In 1879 both Harris & McNeil joined “The Three Arnold Brothers”,  while performing with the minstrel troupe the two would dissolve their partnership.  At that point THOMAS began performing with his wife EMMA.  The playbills listed them as “The Harrises.” They performed together until 1889 when Thomas took a stock engagement at the Odeon Theatre in Baltimore.  He remained there 10 years performing one season with his son Tommy and daughter Laura calling themselves “The Three Harrrises.”  He then worked for four years with his daughter and son-in law under the bill of “Harris and Cartmell.” He had an illustrious career and continued performing almost to the end of his days.  He was also lovingly called the “Colonel” and the Mark Twain of Vaudeville.   Thomas Harris aka McSwiggan aka McGuigan passed away in Freeport, Long Island New York in 1934.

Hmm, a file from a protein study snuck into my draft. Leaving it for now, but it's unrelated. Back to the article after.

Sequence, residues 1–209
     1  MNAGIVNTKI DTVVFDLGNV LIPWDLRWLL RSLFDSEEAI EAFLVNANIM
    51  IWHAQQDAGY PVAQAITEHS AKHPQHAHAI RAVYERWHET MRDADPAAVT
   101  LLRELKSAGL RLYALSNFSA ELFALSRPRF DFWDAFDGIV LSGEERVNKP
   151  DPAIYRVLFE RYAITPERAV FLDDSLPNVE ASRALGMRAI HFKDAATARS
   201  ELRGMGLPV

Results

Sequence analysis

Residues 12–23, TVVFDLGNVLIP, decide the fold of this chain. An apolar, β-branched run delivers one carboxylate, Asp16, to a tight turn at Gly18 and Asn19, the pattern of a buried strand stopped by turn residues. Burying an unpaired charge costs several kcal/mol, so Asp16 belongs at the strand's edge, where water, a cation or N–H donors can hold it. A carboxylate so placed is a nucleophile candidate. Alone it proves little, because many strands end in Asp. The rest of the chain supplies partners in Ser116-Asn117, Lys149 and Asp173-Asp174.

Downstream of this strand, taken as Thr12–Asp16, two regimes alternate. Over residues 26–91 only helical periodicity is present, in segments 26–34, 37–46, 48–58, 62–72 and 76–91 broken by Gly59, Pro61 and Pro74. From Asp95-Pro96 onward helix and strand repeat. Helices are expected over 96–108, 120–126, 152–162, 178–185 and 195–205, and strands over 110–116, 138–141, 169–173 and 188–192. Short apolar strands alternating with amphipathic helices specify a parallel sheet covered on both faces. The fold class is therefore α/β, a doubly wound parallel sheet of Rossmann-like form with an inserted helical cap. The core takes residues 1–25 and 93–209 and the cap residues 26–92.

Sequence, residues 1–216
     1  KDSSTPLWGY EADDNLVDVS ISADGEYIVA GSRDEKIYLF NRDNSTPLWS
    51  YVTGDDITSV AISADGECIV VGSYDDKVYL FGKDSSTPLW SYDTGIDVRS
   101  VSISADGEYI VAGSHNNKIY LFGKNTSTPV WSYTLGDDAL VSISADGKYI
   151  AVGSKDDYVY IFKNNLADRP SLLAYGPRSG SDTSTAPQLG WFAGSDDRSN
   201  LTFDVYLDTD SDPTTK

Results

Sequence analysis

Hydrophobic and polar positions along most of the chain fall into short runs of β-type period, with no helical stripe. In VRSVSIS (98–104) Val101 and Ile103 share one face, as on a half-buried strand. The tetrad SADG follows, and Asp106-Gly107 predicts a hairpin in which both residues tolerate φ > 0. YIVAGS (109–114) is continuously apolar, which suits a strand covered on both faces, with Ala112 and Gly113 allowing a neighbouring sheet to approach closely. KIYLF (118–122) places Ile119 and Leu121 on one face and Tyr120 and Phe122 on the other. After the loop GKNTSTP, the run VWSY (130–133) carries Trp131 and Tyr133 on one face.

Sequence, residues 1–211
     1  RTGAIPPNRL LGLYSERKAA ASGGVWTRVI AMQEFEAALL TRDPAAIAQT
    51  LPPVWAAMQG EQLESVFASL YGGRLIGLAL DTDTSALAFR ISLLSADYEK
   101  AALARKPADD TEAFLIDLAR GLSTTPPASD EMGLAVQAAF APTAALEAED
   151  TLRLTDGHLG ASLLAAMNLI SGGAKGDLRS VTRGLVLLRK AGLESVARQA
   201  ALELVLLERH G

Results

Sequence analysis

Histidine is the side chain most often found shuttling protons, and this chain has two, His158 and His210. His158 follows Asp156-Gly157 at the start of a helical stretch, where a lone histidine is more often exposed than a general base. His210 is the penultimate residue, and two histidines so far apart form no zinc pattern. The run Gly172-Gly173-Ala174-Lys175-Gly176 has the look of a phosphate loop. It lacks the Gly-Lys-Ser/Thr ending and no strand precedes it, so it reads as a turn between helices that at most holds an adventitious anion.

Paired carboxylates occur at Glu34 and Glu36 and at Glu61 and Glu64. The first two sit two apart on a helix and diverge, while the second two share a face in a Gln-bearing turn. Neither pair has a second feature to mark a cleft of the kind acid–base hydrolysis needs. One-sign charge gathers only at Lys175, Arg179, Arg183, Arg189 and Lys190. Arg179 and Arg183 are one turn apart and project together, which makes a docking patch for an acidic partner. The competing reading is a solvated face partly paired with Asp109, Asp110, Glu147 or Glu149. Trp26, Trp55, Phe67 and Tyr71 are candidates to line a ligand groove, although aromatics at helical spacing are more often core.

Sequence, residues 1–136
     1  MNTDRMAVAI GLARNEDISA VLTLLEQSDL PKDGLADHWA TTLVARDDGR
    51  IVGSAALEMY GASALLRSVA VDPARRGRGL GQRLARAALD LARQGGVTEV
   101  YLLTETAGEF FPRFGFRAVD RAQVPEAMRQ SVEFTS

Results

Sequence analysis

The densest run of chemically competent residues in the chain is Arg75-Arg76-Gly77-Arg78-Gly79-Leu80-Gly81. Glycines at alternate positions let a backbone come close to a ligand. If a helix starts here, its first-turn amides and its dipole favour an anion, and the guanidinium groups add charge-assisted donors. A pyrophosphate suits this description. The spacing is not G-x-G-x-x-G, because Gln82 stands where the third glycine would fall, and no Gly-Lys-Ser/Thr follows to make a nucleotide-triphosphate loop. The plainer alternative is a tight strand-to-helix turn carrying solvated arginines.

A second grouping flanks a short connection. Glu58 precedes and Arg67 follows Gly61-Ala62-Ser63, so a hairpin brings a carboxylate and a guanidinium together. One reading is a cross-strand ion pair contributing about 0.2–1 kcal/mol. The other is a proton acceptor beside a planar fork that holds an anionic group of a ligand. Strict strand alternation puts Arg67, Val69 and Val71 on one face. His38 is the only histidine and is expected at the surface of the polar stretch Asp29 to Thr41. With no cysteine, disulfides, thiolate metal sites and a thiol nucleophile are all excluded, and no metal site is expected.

Below is the obituary for Thomas Harris:

Charles Cartmell, husband to Laura Harris passed away a few year later.

Below is the obituary of Charles Cartmell:










While I don’t have all of the pieces of the puzzle in place.  I have discovered something about my family that I never knew.  It certainly brightened my day and I hope it brightened yours as well.  You just never know what you discover.


Frederick County Land Records

Are you looking for ancestors in Frederick County, do you want to know where they lived.  The state of Maryland has digitized land records online to help you in your search.  Just visit Maryland land records by clicking the link.

Montgomery County Courthouse 1835

The courthouse where your  ancestors lived can unlock a variety of clues.  I have transcribed the notes below. I wish I knew the final outcome.